• Message Stick Walker Alwyn Doolan will continue on his journey without passing on his message sticks to the Australian Prime Minister (Ryan Jasper Walsh)Source: Ryan Jasper Walsh
First Nations Walker Alwyn Doolan decides to leave Canberra - still carrying the message stick he travelled 8,500 kilometres to hand to the PM.
Shahni Wellington

16 Aug 2019 - 1:54 PM  UPDATED 21 Aug 2019 - 3:43 PM

After his 8,500 kilometre journey, Gooreng Gooreng and Wakka Wakka man Alywin Doolan hoped in good faith that he would pass on his message sticks to Prime Minister Scott Morrison. Unfortunately, his open invitation for the PM to meet with him was declined.

For 12 months, Alwyn Doolan walked from Cape York in Queensland to Parliament House in Canberra, with the intention to deliver a message to the federal government on reconciliation.

The Message Stick Walker arrived in Canberra in May this year, and put in requests to meet with the Prime Minister on two different occasions.
This included the opening of the 46th Parliament in July, where multiple Senators and the Minister for Indigenous Australians, Ken Wyatt, agreed to welcome Mr Doolan.
The Prime Minister's Office declined those meetings and also declined to comment in regards to why a meeting was not possible.

Today marks the end of Mr Doolan's stopover in the nation's capital and he will now continue on the next leg of his Message Stick Walk.

In a statement, Mr Doolan said “It’s disappointing the Prime Minister is all talk about us walking together, towards reconciliation, towards equal opportunities."

"When it came down to a meeting he wasn’t keen to hear what the communities I walked through had to say.”

Mr Doolan will move onto Woorabinda, walking another 1,500km with three message sticks still in tow.

They represent the creation, colonisation and healing of Australia - which he had hoped could represent a new partnership between the federal government and Indigenous people.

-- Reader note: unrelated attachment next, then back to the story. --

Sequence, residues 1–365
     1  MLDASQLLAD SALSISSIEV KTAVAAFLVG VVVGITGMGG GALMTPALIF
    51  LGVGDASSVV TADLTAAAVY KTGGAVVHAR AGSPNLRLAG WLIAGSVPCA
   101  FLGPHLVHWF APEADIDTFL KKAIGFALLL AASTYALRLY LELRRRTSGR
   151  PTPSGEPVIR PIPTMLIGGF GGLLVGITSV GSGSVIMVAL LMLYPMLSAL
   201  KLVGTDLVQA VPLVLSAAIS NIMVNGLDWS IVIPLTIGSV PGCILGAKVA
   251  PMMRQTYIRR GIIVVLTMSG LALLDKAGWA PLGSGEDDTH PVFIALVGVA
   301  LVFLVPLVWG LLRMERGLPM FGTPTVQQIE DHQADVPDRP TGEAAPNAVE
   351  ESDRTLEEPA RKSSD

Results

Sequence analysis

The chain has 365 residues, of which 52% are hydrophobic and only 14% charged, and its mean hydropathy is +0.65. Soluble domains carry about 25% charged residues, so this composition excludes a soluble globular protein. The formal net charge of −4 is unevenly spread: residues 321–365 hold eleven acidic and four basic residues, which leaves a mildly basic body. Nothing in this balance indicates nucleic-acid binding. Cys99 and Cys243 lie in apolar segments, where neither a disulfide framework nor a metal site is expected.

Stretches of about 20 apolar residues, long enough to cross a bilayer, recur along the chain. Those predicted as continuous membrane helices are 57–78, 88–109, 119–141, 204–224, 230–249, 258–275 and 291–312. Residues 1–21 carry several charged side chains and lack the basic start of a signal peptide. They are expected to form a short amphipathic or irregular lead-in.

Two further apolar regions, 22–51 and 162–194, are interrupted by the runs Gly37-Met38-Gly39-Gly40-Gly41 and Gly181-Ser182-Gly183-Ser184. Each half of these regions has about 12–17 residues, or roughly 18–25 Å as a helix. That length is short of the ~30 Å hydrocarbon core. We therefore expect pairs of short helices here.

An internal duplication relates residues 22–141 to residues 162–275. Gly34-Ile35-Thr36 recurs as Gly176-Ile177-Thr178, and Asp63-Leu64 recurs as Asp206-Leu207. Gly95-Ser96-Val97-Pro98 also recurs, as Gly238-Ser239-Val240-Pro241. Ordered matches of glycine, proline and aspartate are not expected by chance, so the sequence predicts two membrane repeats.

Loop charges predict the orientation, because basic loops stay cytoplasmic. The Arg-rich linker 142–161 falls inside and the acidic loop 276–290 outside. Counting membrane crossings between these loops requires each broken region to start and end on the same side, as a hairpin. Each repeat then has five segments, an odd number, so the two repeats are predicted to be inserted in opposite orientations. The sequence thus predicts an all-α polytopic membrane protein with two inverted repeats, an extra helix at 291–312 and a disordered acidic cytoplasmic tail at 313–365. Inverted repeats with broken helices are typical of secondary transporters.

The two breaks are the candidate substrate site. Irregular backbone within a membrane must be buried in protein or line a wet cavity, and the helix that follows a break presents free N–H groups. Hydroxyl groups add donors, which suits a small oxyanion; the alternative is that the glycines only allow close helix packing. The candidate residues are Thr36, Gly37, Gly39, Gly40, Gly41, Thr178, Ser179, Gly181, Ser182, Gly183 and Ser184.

Mr Doolan said he wanted those message sticks to deepen discussions on Indigenous recognition, including the shape of a possible Voice to Parliament - as recommended by 250 Aboriginal delegates in the Uluru Statement from the Heart.

“More work is needed to prepare Parliamentarians and the people for the referendum we must have for a strong Voice that is constitutionally protected.” Mr Doolan said.
He said he believed the priority needs to be a national treaty, before the co-design process of a national Voice can be effective.
“The first law we must observe of First Nations Peoples is that no one Country can speak for any other, so to ensure our Free and Prior Informed Consent in this process, we must all be given an equal opportunity to have a say," Mr Doolan said.
The office of the PM declined to comment on the matter when contacted by NITV News. 

Story still heard by multiple politicians

Despite not meeting with the PM, the story of the Message Walker was still heard by the nation's representatives.

Mr Doolan was welcomed at the Opening of the 46th Federal Parliament and met with Minister for Indigenous Australians Ken Wyatt, as well as Senator Pat Dodson, Senator Rachel Siewert, Julian Leeser MP and Linda Burney MP about the future of a Voice.

Prime Minister Scott Morrison is currently in the Pacific nation of Tuvalu for this year's Pacific Islands Forum, with climate crisis the focus of the agenda.

- This article was updated on 21 August to include the response from the PM's office and provide clarity around the timing of the PMs decision not to meet with Mr Doolan

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